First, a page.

Anna C. Gonzalez
Natsci - Article II
May 11, 1998
In 1939, an angler in South Africa landed a living fossil - a coelacanth - that gave evolutionists the chance to test a theory that the coelacanth might be the missing link between bony fish and the first vertebrate to make it out of the water. The latest research has found that the fish appears to have a whole new class of immunoglobulin genes - a fourth type of organization, different from those in most vertebrates, birds and sharks.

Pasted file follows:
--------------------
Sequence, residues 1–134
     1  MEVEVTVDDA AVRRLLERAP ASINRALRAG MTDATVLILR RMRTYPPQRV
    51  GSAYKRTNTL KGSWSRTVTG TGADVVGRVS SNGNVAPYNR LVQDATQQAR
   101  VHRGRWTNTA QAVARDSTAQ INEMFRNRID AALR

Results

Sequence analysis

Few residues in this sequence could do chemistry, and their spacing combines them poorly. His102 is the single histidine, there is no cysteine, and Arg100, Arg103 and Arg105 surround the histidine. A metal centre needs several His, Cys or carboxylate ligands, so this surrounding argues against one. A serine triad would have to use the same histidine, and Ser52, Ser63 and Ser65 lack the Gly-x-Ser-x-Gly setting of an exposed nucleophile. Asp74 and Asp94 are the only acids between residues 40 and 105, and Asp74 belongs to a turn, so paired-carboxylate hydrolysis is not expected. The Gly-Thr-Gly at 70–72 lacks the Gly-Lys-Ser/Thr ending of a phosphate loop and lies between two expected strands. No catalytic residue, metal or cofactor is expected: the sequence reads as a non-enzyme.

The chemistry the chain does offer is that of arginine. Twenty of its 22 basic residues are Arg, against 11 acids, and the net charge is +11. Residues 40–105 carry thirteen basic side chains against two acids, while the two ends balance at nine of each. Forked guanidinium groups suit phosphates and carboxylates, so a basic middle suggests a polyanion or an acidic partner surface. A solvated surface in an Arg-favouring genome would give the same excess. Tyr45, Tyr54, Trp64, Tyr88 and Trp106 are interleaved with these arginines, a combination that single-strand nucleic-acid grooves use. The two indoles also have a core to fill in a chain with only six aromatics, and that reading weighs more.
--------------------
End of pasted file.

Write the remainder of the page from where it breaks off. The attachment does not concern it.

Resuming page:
The team of investigators, lead by geneticist Gary Litman of
the University of South Florida, found that the coding genes for
the coelacanth's immunoglobulin heavy chain variable region are
clustered around other genes of the same type; as they are in
sharks but not like the gene organization in land vertebrates
and bony fish. However, unlike sharks and like those animals mentioned,
the genes recombined during development. Litman argues that
the coelacanths may be a transitional form between the two.